The social investment network eToro today added a raft of  stablecoins to its platform, including coins pegged to the Turkish Lira (TRYX), Polish Zloty (PLNX), South African Rand (ZARX), Hong Kong Dollar (HKDX), and Singapore Dollar (SGDX), as well as the cryptoasset Dash, Circle's USDC and Tether's USDT stablecoins and a GOLDX/BTC pairing.

It’s only one part of eToro’s plan to delve deeper into the crypto ecosystem, incorporating the eToroX digital asset platform. “We're going to take eToroX and focus on the more crypto-savvy community,” CEO Yoni Assia told Decrypt in an interview. “On the other hand, we're going to take eToro as a platform, and keep on drumming to the bigger audience of regular people who want to simply trade and invest in the global markets. They can do that, and crypto can be part of their portfolio.”

Stablecoin genius

Earlier this year, eToro launched its own suite of stablecoins, including the eToro United States dollar (USDEX), eToro Japanese yen (JPYX) and eToro Euro (EURX).

EToro has been on a crypto spending spree recently, snapping up cryptocurrency portfolio tracker app Delta for a reported $5 million, and splurging on a high-profile ad campaign with Alec Baldwin. It’s unsurprising, then, that  Assia is upbeat, telling Decrypt that “we're definitely at crypto spring,” when we sat down with him recently at Web Summit, the annual technology conference held in Lisbon. 

“I'm bullish from the perspective of usability as well as price,” Assia said. “There’s more adoption, there's more news, there's more product. It's becoming gradually easier for more people, for more products to both use Bitcoin and buy bitcoin.”

But what will it take to reach the sunlit uplands of crypto summer? “The doomsday scenario is the collapse of one of the big economies under debt,” Assia told Decrypt. “That would definitely accelerate things.” He likened the current state of the crypto market to the aftermath of the dotcom boom and bust in the 1990s, noting that, “In the dotcom bubble after it flopped, we never saw another rally [...] We are now maybe seeing a rally.”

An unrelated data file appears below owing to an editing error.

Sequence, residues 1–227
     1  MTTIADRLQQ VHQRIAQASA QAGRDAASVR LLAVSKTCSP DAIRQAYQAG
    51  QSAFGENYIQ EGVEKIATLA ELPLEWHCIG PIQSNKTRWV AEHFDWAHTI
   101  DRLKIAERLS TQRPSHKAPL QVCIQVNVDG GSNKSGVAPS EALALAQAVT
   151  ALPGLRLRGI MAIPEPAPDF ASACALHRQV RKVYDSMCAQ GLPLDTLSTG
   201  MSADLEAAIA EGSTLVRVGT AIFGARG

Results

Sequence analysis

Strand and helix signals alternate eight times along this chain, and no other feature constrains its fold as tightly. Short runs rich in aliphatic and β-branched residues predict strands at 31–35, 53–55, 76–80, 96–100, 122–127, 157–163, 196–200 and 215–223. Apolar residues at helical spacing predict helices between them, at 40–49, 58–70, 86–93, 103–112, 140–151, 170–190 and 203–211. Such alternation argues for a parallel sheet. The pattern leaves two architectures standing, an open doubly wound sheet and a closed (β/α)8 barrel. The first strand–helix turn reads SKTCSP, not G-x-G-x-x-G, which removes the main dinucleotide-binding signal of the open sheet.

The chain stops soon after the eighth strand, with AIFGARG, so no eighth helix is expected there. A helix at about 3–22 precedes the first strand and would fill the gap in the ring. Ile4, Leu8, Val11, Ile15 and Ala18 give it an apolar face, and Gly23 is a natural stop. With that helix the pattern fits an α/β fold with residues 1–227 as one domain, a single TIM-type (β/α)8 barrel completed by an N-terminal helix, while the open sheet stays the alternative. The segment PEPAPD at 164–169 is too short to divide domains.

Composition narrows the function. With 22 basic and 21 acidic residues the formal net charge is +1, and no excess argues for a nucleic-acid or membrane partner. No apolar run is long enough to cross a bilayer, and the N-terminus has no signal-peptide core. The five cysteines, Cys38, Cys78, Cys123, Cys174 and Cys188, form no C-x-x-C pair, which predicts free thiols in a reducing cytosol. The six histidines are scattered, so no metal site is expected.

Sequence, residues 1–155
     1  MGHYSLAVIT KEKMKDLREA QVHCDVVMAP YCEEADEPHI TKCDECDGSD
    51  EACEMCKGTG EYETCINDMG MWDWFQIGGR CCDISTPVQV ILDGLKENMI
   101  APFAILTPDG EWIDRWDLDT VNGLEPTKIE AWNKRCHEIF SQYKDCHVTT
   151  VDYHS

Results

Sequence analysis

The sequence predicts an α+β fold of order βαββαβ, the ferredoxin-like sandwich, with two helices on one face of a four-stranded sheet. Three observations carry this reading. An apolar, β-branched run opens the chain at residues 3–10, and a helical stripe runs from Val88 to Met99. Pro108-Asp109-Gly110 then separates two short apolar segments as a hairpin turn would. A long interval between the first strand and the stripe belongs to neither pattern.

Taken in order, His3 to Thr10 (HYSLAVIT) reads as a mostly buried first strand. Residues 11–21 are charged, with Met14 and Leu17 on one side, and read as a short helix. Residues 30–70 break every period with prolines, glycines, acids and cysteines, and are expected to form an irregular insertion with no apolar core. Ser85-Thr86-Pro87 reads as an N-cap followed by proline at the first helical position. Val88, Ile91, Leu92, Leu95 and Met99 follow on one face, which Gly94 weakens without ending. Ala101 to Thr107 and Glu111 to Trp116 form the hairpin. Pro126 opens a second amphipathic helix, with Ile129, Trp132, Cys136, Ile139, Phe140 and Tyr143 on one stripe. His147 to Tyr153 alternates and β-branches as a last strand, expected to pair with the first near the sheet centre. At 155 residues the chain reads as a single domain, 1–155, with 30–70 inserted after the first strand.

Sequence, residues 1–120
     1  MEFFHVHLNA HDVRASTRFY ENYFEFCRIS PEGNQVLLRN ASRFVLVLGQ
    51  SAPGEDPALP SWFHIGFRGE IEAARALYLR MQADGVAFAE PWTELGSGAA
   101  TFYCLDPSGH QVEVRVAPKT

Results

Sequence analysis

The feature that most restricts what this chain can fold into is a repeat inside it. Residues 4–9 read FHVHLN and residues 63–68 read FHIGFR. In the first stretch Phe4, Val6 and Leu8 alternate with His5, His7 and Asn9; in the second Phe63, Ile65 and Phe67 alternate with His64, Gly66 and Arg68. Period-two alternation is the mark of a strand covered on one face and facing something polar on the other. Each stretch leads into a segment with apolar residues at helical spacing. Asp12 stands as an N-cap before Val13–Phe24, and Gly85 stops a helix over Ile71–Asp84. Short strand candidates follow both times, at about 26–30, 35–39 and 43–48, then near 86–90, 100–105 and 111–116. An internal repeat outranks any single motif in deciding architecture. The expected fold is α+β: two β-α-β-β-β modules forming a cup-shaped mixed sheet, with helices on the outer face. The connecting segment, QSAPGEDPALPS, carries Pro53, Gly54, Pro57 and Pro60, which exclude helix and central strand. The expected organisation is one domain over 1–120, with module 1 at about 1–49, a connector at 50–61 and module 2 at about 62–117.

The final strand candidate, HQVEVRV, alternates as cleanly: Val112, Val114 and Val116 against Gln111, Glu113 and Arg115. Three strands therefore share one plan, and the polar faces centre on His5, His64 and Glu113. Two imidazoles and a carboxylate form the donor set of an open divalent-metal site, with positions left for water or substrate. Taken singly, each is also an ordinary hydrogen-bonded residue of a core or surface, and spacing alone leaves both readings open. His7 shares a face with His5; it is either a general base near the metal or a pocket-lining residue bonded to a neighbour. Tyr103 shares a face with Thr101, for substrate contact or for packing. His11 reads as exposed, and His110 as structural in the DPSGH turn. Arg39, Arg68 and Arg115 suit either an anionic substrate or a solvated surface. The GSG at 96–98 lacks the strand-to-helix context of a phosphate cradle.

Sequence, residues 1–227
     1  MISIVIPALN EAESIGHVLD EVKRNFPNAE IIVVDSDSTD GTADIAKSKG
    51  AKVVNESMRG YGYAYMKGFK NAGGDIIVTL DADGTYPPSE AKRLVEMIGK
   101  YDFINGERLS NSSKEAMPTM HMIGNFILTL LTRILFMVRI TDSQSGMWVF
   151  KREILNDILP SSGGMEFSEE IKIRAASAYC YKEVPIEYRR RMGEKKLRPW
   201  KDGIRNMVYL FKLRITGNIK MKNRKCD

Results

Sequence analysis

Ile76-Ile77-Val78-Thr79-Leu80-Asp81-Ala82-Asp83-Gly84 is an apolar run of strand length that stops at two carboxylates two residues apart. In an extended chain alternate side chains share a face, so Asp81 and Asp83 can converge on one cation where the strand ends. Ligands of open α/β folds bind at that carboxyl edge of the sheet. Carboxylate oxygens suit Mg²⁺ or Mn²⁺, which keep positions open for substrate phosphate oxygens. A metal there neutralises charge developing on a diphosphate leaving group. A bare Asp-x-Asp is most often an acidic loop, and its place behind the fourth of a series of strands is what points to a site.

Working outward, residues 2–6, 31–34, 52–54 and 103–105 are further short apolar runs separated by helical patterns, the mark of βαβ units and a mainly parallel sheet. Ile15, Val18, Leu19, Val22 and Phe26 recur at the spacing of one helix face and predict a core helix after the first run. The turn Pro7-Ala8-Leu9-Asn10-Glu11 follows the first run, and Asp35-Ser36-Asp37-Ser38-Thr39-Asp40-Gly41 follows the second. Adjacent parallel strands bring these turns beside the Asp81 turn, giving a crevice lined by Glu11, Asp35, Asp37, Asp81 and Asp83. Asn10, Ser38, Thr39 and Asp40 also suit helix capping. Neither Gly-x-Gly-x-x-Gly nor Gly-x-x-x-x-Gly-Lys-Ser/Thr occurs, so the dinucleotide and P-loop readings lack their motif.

Whether the crypto industry needs a major rally is another matter. “I think that if we see every year like this year—crypto going up 50%, 40%—that's the healthiest thing for the crypto industry,” Assia said. “Ten years of steady growth would be much more healthy for crypto than another rally.”

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However,  crypto investors are unfazed by its volatility, Assia said:  “Our generation is more used to volatility, is less afraid of volatility. People in crypto should embrace volatility.”  Still, he doesn’t advocate investors sinking all their money into cryptocurrency. “People at this stage need to be responsible,” he said. “I wouldn't recommend for someone to take more than 10% of his available assets and put them in crypto.”

His stance is understandable, given that eToro’s business model is built around users bundling together cryptocurrencies and conventional assets in a single portfolio. “More than 60% of our current users trade crypto as well,” he told Decrypt. “Eventually? I think it's everyone. I don't see why would you have part of your investments in one place and another part elsewhere. Eventually, I believe that a lot of people are going to invest in bitcoin and Ethereum. Then I think they'll want to have it in the same places they're investing in stocks and other assets.”

Digital national currencies and Libra

Assia has described the advent of digital national currencies as “inevitable,” a claim he stands by. “How can money not be digitized by central banks eventually?” However, he’s careful to draw a distinction between digital currencies and cryptocurrencies. “I didn't say that it's necessarily going to be cryptocurrencies or decentralized or open ledgers, but central bank digital currencies. They will know where all the money is and it will be on a shared ledger with at least the financial institutions.”

Talk of digital currencies inevitably raises the question of Libra, Facebook’s attempt to create a stablecoin backed by a basket of currencies. eToro are “big fans”, said Assai. “A lot of crypto people—especially Bitcoin maximalists—hate it because it's not Bitcoin, but you have Square and Jack Dorsey, doing Bitcoin. I think both are important for eventual adoption.”

Bitcoin maximalists aren’t the only people venting their spleen at Libra, though. The project has struggled to gain traction, with Libra Association members jumping ship, Facebook CEO Mark Zuckerberg hauled in front of the US Congress and politicians and regulators lining up to throw brickbats at it. Assai argues that the way Libra’s designed makes it hard to implement, and that there’s a “better way” to launch the coin that would make it less sensitive to regulation. “Central banks, rightfully so, are afraid of their sovereignty,” he said. “When they think about Facebook, they think, ‘Oh my god, all of our citizens are on Facebook, Facebook are going to have their own currency. That's very scary.’"

Eventually, he anticipates Libra having “a stablecoin in every country, where you have regulated money issuers issuing it on the Libra blockchain.” That, he argues, is a more decentralized way of creating a global payments network that every user of Facebook can use.